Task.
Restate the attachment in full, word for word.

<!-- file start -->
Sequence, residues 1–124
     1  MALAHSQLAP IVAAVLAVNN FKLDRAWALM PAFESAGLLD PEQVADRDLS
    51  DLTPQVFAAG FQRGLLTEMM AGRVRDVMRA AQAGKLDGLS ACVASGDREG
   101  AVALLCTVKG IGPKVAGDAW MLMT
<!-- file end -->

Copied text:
Sequence, residues 1–124
     1  MALAHSQLAP IVAAVLAVNN FKLDRAWALM PAFESAGLLD PEQVADRDLS
    51  DLTPQVFAAG FQRGLLTEMM AGRVRDVMRA AQAGKLDGLS ACVASGDREG
   101  AVALLCTVKG IGPKVAGDAW MLMT